The Estefans will be among the few Hispanics to hold an ownership stake in an NFL team. Gloria Estefan came to the United States at age 2 when her family fled Cuba shortly after Fidel Castro's revolution, and she has sold more than 90 million records.
Ross, a New York real estate billionaire, completed his purchase of the Dolphins in January from Wayne Huizenga.
The Dolphins confirmed only that the Estefans and Ross will make a "major announcement" Thursday on behalf of the Dolphins.

New Miami Dolphins owner Stephen Ross had to be loving the scene: the flashbulbs glittering, the passers-by straining to catch a glimpse, the questions asked and answered in Spanish.
This was the kind of energy Ross sought when he added singer Marc Anthony as a minority owner. The Dolphins held the news conference Tuesday not in Miami but in the media mecca of Manhattan, with the bonus buzz of a cameo by Anthony's wife, Jennifer Lopez.
There was Anthony presenting his wife with a Dolphins jersey as an early 40th birthday gift. There was the celebrity couple kissing before the singer-actress, wearing a short pink dress, slipped back offstage.
Ross wants to reach out to new fans, and in South Florida, that automatically includes the Hispanic community. Singer Gloria Estefan and her husband, producer Emilio Estefan, already bought a small stake in the club last month.
"I'm not doing this as a singer; I'm not doing this as an actor," Anthony said. "[It's] just because I love football. Steve and I, our visions are in sync, and this is a great, once-in-a-lifetime opportunity to be a part of Steve's vision."
Anthony will perform the national anthem when the Dolphins host the New York Jets on ESPN's "Monday Night Football" on Oct. 12 as part of the NFL's celebration of Hispanic Heritage Month.
"There's no other place in America that has such a diverse community as Miami and certainly no place in the United States that has a greater Latin culture than South Florida," Ross said.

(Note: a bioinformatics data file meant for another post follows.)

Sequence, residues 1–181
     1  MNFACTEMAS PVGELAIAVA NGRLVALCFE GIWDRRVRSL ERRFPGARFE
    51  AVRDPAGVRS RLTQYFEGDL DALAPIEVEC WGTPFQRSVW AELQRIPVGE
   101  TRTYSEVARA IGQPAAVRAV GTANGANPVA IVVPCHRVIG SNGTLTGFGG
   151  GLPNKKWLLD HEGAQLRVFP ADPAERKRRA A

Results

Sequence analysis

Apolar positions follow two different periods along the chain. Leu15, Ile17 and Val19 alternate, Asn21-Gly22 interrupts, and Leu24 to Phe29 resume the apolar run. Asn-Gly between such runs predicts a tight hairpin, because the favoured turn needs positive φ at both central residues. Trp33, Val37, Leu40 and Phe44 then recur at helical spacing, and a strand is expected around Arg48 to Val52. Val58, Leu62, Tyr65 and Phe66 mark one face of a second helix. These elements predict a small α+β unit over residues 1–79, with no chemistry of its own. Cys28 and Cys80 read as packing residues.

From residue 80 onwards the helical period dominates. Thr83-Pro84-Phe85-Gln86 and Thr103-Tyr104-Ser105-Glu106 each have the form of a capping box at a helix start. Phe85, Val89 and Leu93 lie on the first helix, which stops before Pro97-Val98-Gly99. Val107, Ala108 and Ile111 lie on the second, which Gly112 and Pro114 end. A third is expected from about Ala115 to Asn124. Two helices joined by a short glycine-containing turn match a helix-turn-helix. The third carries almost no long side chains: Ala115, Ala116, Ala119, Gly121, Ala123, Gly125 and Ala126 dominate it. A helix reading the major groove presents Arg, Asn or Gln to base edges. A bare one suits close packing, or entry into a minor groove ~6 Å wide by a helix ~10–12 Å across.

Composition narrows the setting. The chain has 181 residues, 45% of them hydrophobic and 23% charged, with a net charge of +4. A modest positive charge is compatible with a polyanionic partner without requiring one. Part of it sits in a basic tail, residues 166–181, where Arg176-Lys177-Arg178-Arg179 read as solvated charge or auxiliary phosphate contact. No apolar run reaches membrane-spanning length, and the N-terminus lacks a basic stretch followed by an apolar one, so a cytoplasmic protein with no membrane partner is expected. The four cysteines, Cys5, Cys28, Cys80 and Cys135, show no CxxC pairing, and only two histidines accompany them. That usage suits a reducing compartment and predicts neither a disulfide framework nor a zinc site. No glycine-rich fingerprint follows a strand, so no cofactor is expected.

NFL commissioner Roger Goodell and ESPN president George Bodenheimer also attended the news conference in an upscale mall at Columbus Circle. But the spotlight was all on Anthony.
The 40-year-old singer grew up a Giants fan in New York. He said he's had the "itch" to buy into a sports team for about three years.
His only concern about the Dolphins deal: Lopez's father is a rabid Jets fan. Anthony said Lopez herself was supportive -- mostly because it's an excuse to spend more time in Miami. He said she was shooting a film in New York until 2:30 a.m. Tuesday morning but still found the time to stop by the news conference.
Asked later on a conference call whether this also meant she was a minority owner, Anthony joked: "By default she owns everything I do. I would say of my share, she owns a majority."
The four-time Grammy winner has sold more than 10 million albums and also starred in movies. He suggested this venture was part of the next step in his career.
"I could quite possibly be staring at the first day of the rest of my life," he said. "That's really quite exciting at this stage of the game."
Ross, a New York real estate billionaire, completed his purchase of the Dolphins from Wayne Huizenga in January. He began a partnership in May with Jimmy Buffett's Margaritaville enterprise, which includes Land Shark Lager.
Buffett has yet to accept Ross' invitation to become a minority owner, but the Dolphins' stadium has been renamed Land Shark Stadium for this season. Buffett has also written a song for the team.
Ross insisted the economic downturn had nothing to do with his desire to bring in minority owners.
"Knock on wood, I can say while we're going through troubled times, fortunately I don't need to bring in partners. ... I always intended to bring in partners," he said. "I always stated before that I want this team to be representative of the community. That's what I was looking for -- who my partners were, as opposed to the money aspect."